Artist John Grade has created a delicate sculpture that dangles from the trees in Arte Sella Sculpture Park in Borgo Valsugana, Italy. Inspired by ever-changing biological forms and natural ecosystems, his large-scale installation explores the impermanence of nature. John’s latest installation, Reservoir, appears like a chandelier glistening among the pine trees.
The dazzling, chandelier-like installation comprises 5,000 heat-formed, clear plastic compartments that each collects the rainwater or snow as it falls. The “droplets” are unique as well — delicately formed from casts of 10 different human hands cupped together and framed with steam-bent strips of Alaskan yellow cedar. The individual droplets are attached to a pair of marine nets and fishing lines which are then supported by stainless steel rings and the surrounding trees. When rain falls or snow lands the water accumulates within the Reservoir’s clear pouches, giving them their droplet-like shape. The position of the net and droplets change as well, swelling or lowering, depending on the amount of precipitation. At its heaviest, Reservoir can exceed a staggering 800 pounds; but as the water evaporates, the sculpture slowly releases into its original 70-pound state.
The sound of rain in the forest inspires John Grade’s chandelier
John came up with the idea for the outdoor chandelier by spending long periods of time simply sitting and walking through the forest, thinking through exactly why it felt so good to be there.
“I became most interested in the way rain falls through this grove of trees, the canopy delaying the droplet’s journey to the ground as well as how quiet and sheltered the forest was during heavy rain,” John reveals. “I wanted to make a sculpture that responded to the rain directly as well as a sculpture that responded to people.”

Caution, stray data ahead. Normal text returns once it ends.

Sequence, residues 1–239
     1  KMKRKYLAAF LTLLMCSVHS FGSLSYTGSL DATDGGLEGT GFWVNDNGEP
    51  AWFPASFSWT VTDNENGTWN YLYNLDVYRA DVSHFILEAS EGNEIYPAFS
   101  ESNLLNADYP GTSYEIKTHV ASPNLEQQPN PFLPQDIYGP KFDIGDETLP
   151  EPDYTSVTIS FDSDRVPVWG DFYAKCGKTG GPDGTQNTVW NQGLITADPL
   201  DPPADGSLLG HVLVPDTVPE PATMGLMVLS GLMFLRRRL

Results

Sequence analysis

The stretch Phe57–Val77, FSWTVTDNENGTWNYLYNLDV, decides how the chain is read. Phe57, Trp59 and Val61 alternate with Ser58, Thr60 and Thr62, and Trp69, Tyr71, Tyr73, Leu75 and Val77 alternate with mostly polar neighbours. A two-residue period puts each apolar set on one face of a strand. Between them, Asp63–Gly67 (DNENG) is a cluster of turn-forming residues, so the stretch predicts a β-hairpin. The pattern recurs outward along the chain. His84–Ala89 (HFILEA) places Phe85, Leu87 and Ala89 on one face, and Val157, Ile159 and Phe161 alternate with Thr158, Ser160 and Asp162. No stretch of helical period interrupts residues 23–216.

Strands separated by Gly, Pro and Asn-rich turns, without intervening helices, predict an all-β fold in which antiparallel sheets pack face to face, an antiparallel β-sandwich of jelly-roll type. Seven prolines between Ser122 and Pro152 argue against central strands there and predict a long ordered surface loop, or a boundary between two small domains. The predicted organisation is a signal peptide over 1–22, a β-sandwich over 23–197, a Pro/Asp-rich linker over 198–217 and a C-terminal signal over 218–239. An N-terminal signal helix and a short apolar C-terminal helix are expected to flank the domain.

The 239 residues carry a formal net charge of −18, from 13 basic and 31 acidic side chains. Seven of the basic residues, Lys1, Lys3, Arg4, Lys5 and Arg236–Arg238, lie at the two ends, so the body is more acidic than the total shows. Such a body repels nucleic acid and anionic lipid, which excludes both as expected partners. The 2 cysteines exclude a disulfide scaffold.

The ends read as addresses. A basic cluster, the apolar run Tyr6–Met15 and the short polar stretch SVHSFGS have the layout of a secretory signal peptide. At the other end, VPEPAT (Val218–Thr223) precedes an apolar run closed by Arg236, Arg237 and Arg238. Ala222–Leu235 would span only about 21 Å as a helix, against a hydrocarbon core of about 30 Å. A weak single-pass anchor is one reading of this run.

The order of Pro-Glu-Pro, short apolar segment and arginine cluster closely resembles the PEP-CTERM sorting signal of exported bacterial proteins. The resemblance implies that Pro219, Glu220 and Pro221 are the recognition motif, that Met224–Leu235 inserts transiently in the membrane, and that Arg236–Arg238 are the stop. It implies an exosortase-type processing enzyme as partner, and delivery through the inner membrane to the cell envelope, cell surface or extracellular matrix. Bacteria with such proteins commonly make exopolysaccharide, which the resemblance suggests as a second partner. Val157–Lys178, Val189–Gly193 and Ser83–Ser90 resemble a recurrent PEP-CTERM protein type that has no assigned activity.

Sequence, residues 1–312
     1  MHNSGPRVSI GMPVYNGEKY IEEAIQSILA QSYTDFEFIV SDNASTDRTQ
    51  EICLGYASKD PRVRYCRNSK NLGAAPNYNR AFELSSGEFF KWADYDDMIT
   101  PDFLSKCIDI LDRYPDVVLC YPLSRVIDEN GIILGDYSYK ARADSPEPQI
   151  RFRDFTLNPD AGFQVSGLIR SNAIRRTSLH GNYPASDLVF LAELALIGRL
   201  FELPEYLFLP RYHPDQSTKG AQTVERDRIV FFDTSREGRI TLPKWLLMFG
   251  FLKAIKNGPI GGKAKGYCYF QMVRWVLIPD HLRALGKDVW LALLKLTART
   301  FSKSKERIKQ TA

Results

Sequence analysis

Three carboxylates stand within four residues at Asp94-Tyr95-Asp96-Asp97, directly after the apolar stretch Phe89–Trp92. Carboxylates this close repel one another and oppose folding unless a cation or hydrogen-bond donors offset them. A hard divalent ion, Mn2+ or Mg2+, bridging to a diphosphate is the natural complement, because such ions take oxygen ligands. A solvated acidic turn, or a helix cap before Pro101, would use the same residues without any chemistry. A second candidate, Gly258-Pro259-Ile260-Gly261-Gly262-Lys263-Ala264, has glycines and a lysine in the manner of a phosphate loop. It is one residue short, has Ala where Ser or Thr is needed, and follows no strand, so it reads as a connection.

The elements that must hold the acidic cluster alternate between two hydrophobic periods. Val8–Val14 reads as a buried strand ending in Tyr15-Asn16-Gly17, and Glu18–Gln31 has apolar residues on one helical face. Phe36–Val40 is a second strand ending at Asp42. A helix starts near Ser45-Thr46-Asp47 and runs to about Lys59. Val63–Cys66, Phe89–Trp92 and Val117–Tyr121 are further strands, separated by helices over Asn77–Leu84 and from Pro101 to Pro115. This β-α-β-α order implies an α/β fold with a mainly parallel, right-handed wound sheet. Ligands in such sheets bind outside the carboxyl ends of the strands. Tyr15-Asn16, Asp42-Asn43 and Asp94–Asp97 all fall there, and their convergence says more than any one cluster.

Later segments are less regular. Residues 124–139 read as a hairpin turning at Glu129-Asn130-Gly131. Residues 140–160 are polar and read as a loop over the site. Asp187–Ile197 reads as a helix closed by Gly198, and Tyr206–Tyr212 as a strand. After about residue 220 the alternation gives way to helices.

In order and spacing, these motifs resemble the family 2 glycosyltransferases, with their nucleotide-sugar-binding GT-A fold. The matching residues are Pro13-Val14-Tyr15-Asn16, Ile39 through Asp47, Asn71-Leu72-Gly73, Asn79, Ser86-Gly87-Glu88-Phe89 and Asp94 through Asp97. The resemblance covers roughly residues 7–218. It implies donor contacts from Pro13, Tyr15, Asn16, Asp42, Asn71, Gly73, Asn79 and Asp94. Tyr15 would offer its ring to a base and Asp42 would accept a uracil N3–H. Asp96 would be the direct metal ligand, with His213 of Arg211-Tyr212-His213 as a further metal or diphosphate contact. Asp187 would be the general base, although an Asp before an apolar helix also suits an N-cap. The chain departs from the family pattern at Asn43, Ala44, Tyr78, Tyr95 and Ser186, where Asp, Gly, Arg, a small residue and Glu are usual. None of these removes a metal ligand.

When creating the exhibition, John also wanted a movement to play a part in the structure of the chandelier. And, as part of the project, Arte Sella connected him with Andrea Rampazzo, a dance artist based in Italy. Rampazzo choreographed a performance, where four dancers would interact with the sculpture, making the installation rise and fall depending on their movements. Occurring during one day of festivities, the dance lasted 45 minutes and was performed three times during the day.
“Because we were lucky to have rainfall, the dancers were able to abruptly jerk the movements and shower themselves with water. Wind may become a significant inspiration the next time.”
Over the next couple of years, he hopes to study the movement and any unanticipated things that might occur with the outdoor chandelier to apply to the next version. He’s also testing biodegradable forms of plastic to use with the next version of the sculpture as well. You can view more of John’s work on his website, or visit his Instagram page.